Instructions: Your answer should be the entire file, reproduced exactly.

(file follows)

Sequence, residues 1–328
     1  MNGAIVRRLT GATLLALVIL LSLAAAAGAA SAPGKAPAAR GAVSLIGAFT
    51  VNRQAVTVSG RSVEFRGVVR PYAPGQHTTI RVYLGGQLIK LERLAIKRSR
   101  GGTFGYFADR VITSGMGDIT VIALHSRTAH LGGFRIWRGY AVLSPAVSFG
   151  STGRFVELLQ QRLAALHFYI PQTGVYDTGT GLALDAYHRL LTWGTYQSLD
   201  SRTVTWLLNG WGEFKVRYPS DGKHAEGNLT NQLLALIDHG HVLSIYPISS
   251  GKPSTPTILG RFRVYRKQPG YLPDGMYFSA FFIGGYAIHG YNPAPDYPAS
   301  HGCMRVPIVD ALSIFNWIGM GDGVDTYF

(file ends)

Sequence, residues 1–328
     1  MNGAIVRRLT GATLLALVIL LSLAAAAGAA SAPGKAPAAR GAVSLIGAFT
    51  VNRQAVTVSG RSVEFRGVVR PYAPGQHTTI RVYLGGQLIK LERLAIKRSR
   101  GGTFGYFADR VITSGMGDIT VIALHSRTAH LGGFRIWRGY AVLSPAVSFG
   151  STGRFVELLQ QRLAALHFYI PQTGVYDTGT GLALDAYHRL LTWGTYQSLD
   201  SRTVTWLLNG WGEFKVRYPS DGKHAEGNLT NQLLALIDHG HVLSIYPISS
   251  GKPSTPTILG RFRVYRKQPG YLPDGMYFSA FFIGGYAIHG YNPAPDYPAS
   301  HGCMRVPIVD ALSIFNWIGM GDGVDTYF